Consumers are becoming more and more socially conscious, and they want the goods and services they use to measure up. In truth, it doesn't take much. A simple action that costs a company very little or nothing at all can make a real difference in the mind of the consumer, and the company's bottom line.
But there are some companies that go far beyond the minimum required, putting corporate social responsibility at the very heart of their business model. Whole Foods (NAS: WFM) is one of those companies. Without further ado, then, let's have a look at the organic-supermarket pioneer, and analyze the company in terms of its performance as a socially conscious enterprise, a business, and an investment.
A mission-driven company
When you visit the "Company Info" page of Whole Foods' website, one of the first self-descriptors you come across is that it's "a mission-driven company." What exactly is that mission?
Seek out the finest natural and organic foods available.
Maintain the strictest quality standards in the industry.
Commit to sustainable agriculture.
Above and beyond that simple, straightforward corporate mission are three initiatives that amply demonstrate While Foods' commitment to social responsibility:
Whole Planet Foundation tries to alleviate poverty in the developing-world economies where Whole Foods sources its products, primarily through the magic of microcredit. As of August 2012, the foundation had more than 225,000 clients with more than $432 million in funds committed.
Whole Kids Foundation supports schools and inspires families to improve children's nutrition and wellness. Partnerships with innovative organizations and schools give children access to fresh, nutritious meals. The foundation's ultimate mission is to end the childhood obesity epidemic.
Through Community Giving, Whole Foods reaches out to local communities through its store employees, who are naturally passionate about supporting the causes that are important to their own neighborhoods. Several times a year, Whole Foods stores hold community giving days, on which 5% of that day's net sales are donated to a local nonprofit or educational organization.
A great company at a fair price
Corporate social responsibility cred established, let's look now at a few basic metrics and see how Whole Foods measures up against its peers as a business and as an investment.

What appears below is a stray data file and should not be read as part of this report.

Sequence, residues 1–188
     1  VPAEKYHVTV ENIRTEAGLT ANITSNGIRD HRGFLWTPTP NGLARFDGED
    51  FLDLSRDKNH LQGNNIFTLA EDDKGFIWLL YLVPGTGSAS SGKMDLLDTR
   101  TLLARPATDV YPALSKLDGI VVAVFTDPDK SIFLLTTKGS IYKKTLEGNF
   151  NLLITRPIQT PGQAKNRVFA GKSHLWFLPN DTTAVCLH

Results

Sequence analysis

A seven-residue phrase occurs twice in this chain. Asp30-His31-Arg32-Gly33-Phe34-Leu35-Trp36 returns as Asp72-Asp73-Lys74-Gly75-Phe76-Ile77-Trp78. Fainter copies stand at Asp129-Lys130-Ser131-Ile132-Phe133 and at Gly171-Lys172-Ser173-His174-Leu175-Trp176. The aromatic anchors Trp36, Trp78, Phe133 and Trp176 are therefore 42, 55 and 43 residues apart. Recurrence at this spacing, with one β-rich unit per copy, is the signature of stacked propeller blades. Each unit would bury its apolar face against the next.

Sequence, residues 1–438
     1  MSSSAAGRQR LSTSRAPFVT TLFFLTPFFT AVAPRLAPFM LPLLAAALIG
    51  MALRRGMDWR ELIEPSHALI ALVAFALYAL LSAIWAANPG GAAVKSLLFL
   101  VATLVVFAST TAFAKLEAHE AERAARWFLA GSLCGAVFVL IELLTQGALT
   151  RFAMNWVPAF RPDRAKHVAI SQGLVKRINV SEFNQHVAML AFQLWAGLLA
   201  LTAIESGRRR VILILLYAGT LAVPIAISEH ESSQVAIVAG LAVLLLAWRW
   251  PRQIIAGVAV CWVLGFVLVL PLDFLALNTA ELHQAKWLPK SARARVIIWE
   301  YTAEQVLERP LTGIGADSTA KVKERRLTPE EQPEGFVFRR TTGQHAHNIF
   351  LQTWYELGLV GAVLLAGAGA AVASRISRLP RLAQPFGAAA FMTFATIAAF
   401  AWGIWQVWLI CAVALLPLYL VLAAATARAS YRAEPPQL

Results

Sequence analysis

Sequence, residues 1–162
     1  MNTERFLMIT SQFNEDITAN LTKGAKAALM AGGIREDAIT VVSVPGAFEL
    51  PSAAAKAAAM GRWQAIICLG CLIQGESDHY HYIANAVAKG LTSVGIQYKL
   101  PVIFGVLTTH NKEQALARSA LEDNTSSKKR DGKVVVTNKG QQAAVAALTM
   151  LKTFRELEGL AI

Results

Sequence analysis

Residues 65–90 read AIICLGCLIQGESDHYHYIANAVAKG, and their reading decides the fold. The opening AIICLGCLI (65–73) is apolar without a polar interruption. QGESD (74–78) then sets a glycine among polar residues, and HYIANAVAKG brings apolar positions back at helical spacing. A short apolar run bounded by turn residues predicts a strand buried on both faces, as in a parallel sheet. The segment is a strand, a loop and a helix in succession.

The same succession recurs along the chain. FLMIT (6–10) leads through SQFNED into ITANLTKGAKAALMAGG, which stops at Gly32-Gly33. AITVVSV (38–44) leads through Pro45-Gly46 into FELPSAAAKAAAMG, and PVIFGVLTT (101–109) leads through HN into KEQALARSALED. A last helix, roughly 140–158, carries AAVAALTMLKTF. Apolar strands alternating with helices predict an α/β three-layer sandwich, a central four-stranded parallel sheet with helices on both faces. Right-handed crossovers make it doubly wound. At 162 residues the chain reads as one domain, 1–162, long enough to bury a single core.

In its most recent quarter, Whole Foods grew its revenue by a whopping 23.6% year over year.
Safeway's (NYS: SWY) revenue actually contracted, by 0.2% YOY.
Kroger (NYS: KR) had middling, but at least not contracting, revenue growth of 3.9% YOY.
YOY earnings growth for Whole Foods was more than double its staggering revenue growth: 49.4%.
In a startling turn, Safeway had phenomenal YOY earnings growth: 20.6%.
Kroger? Not so much, with YOY earnings contraction of 0.7%.
Cash-to-debt ratio: It's always good to see more cash than debt on the balance sheet, ideally at least 1.5 times more.
With $1.2 billion in cash and $24 million in debt, Whole Food's C/D is a brilliant 50.
With $267 million in cash and $6.4 billion in debt, Safeway's C/D is a not-so-brilliant 0.04. Talk about a study in contrasts.
Finally, $238 million in cash and $8.2 billion in debt gives Kroger the worst C/D of all, and one of the worst I've ever seen, period: 0.03.
With money as cheap as it is, too many companies are in debt up to their corner offices, and it's a dangerous position to be in. Because when things go wrong (and at some point they always do), the bigger the war chest a company has, the better chance it has of coming through the other side intact. Kudos to Whole Foods, then, on this important metric.
Making money while making a difference
Safeway's price-to-earnings ratio is 8, Kroger's is 23, and Whole Foods' is 37. That's definitely on the high side for an American company, but not stratospherically so. And did you know that Whole Foods has booked investors more than 30 times their initial investment since its IPO? Bearing that in mind, and based on the comparative performance of the three companies as outlined here, which company would you rather own?
Co-CEO and co-founder John Mackey started Whole Foods in 1978, with a single store in Austin, Texas. Since then, the company has grown to include more than 310 stores in North America and the U.K. As a business, and as a socially responsible investment, it just doesn't get any better than Whole Foods.
To learn even more about this phenomenal company, check out our brand-new premium report on Whole Foods. Our analysts walk you through the key must-know items for every Whole Foods investor, including the axial opportunities and threats facing the company. We also provide a full year of regular analyst updates to go with it. Get your copy today by simply clicking here.
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The article Cashing In on Great Groceries and Good Deeds originally appeared on Fool.com.
Fool contributor John Grgurich owns no shares of any of the companies mentioned in this column.Follow John's dispatches from the bleeding edge of capitalism on Twitter, @TMFGrgurich. The Motley Fool owns shares of Whole Foods Market. Motley Fool newsletter services have recommended buying shares of Whole Foods Market. We Fools don't all hold the same opinions, but we all believe that considering a diverse range of insights makes us better investors. Try any of our Foolish newsletter services free for 30 days. The Motley Fool has an organic disclosure policy.
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